House Republicans are in another titanic battle with President Joe Biden on how to balance the budget. Actually, it’s a lopsided debate because Democrats have no interest at all in reducing the deficit. They are operating under the delusional idea paradigm of “Modern Monetary Theory,” which posits that the U.S. government can borrow $2 trillion from now until the end of the day and it won’t hurt the economy.
Were these presidential advisers the same Nobel-winning economic sages who swore in the pages of The New York Times that, don’t worry, Mr. Biden, your $6 trillion spending spree won’t cause inflation?
Those of us who live down here in the real world are horrified by the fiscal future we’re facing. Any week now, our publicly traded debt will exceed 100% of our total annual national output, and that percentage gobbled up by government debt is expected to accelerate from 100% of gross domestic product today to nearly 200% over the next 30 years. That’s the path to Argentina, Bolivia, and Zimbabwe.
There’s plenty to cut in the budget, and House Budget Committee Chair Jodey Arrington, R-Texas, has put forward a financially fit budget that would chop hundreds of billions of dollars a year of waste, fraud, redundancy, and obsolescence.
Here’s another way to shave off $380 billion of spending right out of the gate: kill Biden’s green energy slush fund, which is being run by Democratic politico John Podesta. How about allowing the production of energy that pays taxes—the oil, natural gas, and coal industry—instead of “renewable” energy that eats hundreds of billions of tax dollars?
But it doesn’t matter how much chainsawing that Republicans could possibly do—even if they had the political will to do it—these reforms still won’t get us within a country mile of a balanced budget. That’s because there isn’t enough economic growth to get the revenues to catch up with the spending. Under Biden, the U.S. economy has grown at roughly a 1.5% growth path—pretty pathetic given that coming out of COVID-19, we should have been booming.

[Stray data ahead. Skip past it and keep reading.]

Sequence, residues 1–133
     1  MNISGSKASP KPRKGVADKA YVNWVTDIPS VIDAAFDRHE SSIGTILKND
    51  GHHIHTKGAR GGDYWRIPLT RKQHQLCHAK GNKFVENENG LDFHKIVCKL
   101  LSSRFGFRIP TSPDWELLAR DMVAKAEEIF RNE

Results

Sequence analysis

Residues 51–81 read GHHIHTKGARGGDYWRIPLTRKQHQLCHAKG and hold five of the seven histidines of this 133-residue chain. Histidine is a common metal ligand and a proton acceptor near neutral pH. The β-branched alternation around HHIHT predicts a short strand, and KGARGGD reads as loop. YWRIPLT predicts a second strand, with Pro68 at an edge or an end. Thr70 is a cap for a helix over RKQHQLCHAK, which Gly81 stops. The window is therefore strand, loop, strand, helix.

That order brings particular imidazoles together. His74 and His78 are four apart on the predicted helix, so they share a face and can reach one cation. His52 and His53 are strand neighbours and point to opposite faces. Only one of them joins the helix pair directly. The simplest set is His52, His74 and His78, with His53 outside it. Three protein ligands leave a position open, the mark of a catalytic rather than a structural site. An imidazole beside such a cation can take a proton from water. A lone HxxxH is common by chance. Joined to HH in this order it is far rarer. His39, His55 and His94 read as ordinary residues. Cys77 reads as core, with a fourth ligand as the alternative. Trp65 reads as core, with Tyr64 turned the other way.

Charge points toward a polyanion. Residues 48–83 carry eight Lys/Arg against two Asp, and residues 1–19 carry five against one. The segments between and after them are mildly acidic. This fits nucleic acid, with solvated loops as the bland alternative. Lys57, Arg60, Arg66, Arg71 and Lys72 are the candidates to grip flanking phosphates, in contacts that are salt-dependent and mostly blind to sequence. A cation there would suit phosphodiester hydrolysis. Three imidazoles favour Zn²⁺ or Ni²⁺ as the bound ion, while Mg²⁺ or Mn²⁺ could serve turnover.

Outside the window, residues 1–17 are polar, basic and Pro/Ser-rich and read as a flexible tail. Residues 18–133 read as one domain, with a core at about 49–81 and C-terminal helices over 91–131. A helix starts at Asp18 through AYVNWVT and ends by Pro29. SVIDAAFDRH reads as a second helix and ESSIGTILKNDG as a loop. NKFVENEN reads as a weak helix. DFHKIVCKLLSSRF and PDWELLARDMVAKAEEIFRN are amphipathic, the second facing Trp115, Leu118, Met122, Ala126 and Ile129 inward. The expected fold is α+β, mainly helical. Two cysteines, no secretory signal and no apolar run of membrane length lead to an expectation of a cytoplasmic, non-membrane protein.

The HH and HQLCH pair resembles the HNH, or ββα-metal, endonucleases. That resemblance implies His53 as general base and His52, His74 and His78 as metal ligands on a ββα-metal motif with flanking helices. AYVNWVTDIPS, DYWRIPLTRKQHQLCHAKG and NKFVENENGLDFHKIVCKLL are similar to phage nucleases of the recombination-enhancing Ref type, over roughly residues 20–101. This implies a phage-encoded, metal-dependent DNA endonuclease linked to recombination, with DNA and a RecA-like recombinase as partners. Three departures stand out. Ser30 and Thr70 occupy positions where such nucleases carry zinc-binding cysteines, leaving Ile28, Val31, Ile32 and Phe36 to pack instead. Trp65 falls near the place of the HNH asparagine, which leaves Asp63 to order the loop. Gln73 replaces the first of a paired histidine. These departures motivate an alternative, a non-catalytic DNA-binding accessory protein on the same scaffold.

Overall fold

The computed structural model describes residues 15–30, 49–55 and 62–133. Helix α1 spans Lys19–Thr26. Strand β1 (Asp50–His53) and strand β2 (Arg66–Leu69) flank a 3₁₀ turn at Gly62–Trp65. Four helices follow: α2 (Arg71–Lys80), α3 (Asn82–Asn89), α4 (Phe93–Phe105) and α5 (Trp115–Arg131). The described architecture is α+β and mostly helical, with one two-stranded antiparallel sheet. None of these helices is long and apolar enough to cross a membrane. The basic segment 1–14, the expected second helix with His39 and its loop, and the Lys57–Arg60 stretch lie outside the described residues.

Worse yet, the standard forecast from the Congressional Budget Office is predicated on the assumption of 1.7% annual economic growth. But that’s way below the 3.2% average real growth rate of the U.S. economy from 1950-2005.
To borrow a phrase from John F. Kennedy when he was running for president in 1960: “We can do better.” Actually, a lot better.
Former President Donald Trump gets this. So does Vivek Ramaswamy. When you get more growth, you get more revenues and less spending on social welfare programs. Ramaswamy says it well: “If we get back to 3%-plus economic growth, the fiscal problems start to go away.” Conservative and liberal economists alike have scolded the Trump-Ramaswamy strategy for concluding that “we can grow our way out of the deficit.”
Actually, with a modicum of spending restraint and a higher growth path, we can avoid the fiscal train wreck.
Committee to Unleash Prosperity economist Louis Woodhill finds that the debt as a share of GDP slopes steadily downward over the next 30 years with a 3% trajectory of growth. And if we achieve 3.5% growth, we can even reach a point where we start paying down the debt. This is called the power of compounding. What a change that would be from a trillion dollars a year in red ink added forever—which is the Biden baseline.
This also means that any policy that lowers growth—for example, not drilling for U.S. oil and gas—makes the deficit forecast worse.
This is why tax increases on investment and work are so counterproductive. Those taxes would reduce investment and growth and make a balanced budget even more unachievable. Under President Bill Clinton, we had fast growth, spending restraint, and a booming stock market; three years later, we had a balanced budget.
What if our politicians set a national priority to do everything humanly possible to make the economy grow at between 3% and 3.5%, not the anemic growth rate of that pace as the CBO predicts? Many people think that’s impossible because of low birth rates and low labor force growth, but we can and should import the workers we need—especially the brainiacs—from the rest of the world to keep labor force growth from shrinking.
We can achieve bursts of growth from the next age of hyper-technological advances in areas like energy production, robotics, artificial intelligence, and gene therapy that could make the internet revolution look like a blip. New billion-dollar factories will be filled with very few workers and a lot of robots—which translates into gigantic leaps forward in productivity that could make 3% growth a layup.
There is one more virtue of a growth agenda: Americans want prosperity far more than they want a balanced budget. We all want a balanced federal budget in principle, but more important to voters is that their own family budget is growing.
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